Thanks to community advocacy, low-income Manitobans will have more money to help pay their rent. Three years ago Make Poverty History Manitoba (MPHM) began building support for increasing shelter benefits to 75 per cent of median market rent. The provincial government responded and this July, low-income people will have better access to a safe and affordable place to live.
The MPHM coalition believes that stable housing is a basic right and a necessity for full participation in the community and economy. But people on social assistance have long been struggling to secure housing because the income they receive to pay for shelter has not kept up with the cost of renting in the private market. A lack of housing security creates a huge barrier to participation and success in education and employment, which provide important pathways out of poverty for those who are able to work.
More than 145 organizations from across the province endorsed MPHM’s campaign to increase shelter benefits. The government responded in Budget 2014 with the introduction of Rent Assist – a new shelter benefit program – and a commitment to provide a maximum benefit equal to 75 per cent of median market rent within four years.
The introduction of Rent Assist in 2014 was welcomed by community leaders, but they emphasized that people living in poverty cannot wait any longer to get the assistance they need to secure housing and the opportunities that come with it. They called on the government to fully implement Rent Assist in Budget 2015.
While endorsements from the Manitoba Liberal and Conservative parties helped move things forward, the NDP government listened to the community, acknowledged the urgency to act, and responded in Budget 2015 by committing to reach the target benefit level by the end of 2015 with an initial increase scheduled in July.
Increasing shelter benefits has long been a community priority and Budget 2015’s record investment gives the most vulnerable Manitobans more of the support they need to build a better life for themselves and for their families.
With the $22 million investment, single adults can receive up to $513, up from $435 per month for their rent – a one-bedroom rental unit costs approximately $780 in the private market. Two-parent families with two children can receive up to $742 per month – a three-bedroom rental unit costs approximately $1160.
When Rent Assist is fully implemented this December, low-income Manitobans will feel an immediate impact. The new benefit will play a key role in helping to ensure that they no longer have to choose between making monthly rent payments and having enough food to eat – a choice that even low-income families working full time at minimum wage have had to face. They too will feel some relief as Rent Assist is available to all low-income Manitobans not just those on social assistance.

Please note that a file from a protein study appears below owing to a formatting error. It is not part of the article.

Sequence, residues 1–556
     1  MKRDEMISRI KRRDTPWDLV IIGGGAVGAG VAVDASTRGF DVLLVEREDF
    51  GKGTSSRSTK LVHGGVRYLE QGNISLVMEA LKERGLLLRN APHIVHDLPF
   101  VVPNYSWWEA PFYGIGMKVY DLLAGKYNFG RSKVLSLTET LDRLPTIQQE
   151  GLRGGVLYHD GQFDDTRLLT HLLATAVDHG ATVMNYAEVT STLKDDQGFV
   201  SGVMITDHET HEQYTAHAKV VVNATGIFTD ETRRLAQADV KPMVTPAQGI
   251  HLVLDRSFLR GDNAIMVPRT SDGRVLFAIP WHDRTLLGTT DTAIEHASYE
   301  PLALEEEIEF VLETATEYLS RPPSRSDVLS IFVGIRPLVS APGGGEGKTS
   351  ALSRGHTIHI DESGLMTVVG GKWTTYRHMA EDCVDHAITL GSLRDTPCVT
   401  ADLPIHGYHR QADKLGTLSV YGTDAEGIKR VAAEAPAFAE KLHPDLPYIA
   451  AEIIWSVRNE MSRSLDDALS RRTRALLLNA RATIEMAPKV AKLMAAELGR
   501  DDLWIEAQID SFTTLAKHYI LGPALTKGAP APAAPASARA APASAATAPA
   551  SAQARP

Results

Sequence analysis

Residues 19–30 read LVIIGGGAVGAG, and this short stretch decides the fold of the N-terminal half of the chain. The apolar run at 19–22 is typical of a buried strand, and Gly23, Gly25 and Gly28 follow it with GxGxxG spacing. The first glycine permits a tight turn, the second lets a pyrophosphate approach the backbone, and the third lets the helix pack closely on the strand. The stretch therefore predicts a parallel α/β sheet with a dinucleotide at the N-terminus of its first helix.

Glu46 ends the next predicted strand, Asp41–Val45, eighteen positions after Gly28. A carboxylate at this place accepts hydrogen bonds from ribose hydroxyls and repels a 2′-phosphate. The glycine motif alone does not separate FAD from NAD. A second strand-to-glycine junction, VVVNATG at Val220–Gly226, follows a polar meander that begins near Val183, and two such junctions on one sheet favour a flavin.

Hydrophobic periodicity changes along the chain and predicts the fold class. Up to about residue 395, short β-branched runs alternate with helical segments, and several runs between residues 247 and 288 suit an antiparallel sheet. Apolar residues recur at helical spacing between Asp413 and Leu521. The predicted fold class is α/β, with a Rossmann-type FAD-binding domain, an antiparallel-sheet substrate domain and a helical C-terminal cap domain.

Making the benefit available to people on and off of social assistance represents an innovative approach. This positions Manitoba as a leader in the delivery of shelter benefits as we are one of the only provinces to extend benefits to the working poor. It sets the stage for people on social assistance to more easily transition off of assistance, into employment, and for some eventually into financial independence.
Rent Assist is one piece of the puzzle. It is a key component of a package of actions that MPHM has been calling on the province to implement to reduce poverty and social exclusion in Manitoba. These actions are outlined in a community-based report called The View from Here. The provincial government has increased efforts in recent years to address poverty through a comprehensive approach with investments in social housing, child care, training and jobs for people with barriers to employment, literacy, and funding for community-based poverty reduction efforts.
Low-income rates in Manitoba have been on a downward trend over the last decade but persist at unacceptable levels. Poverty is a complex challenge with no silver bullet. It requires strong public services and support for community-led initiatives that address the interrelated factors that contribute to poverty and social exclusion. We need to build on existing public investments that support a comprehensive strategy if we are to achieve more significant results.
As we head toward a provincial election in the spring of 2016, MPHM will look beyond Rent Assist to see how each provincial party will demonstrate its commitment to a comprehensive approach to address poverty in Manitoba.
Kirsten Bernas is a steering committee member of Make Poverty History Manitoba and a Research Affiliate at the Canadian Centre for Policy Alternatives Manitoba. The View from Here can be downloaded at: